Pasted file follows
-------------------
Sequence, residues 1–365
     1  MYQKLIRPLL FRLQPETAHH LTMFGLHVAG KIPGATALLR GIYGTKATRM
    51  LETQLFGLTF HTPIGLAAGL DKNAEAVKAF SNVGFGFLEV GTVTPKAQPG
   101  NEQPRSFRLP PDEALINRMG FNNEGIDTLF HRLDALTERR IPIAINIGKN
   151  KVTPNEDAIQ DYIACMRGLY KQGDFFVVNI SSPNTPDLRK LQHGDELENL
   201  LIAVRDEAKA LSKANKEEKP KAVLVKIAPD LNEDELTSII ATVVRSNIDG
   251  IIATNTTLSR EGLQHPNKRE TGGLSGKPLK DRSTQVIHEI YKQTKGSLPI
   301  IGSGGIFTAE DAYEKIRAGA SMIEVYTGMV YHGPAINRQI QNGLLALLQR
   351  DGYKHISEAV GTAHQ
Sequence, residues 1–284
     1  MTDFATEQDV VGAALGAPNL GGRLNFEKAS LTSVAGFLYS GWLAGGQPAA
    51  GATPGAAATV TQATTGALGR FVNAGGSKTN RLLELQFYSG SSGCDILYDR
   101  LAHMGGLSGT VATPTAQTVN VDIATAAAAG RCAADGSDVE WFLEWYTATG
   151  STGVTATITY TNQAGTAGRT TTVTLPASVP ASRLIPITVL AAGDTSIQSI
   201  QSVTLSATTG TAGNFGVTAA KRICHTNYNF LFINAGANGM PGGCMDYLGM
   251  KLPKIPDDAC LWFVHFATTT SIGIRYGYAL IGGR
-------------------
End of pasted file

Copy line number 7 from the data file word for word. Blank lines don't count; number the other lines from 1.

   251  IIATNTTLSR EGLQHPNKRE TGGLSGKPLK DRSTQVIHEI YKQTKGSLPI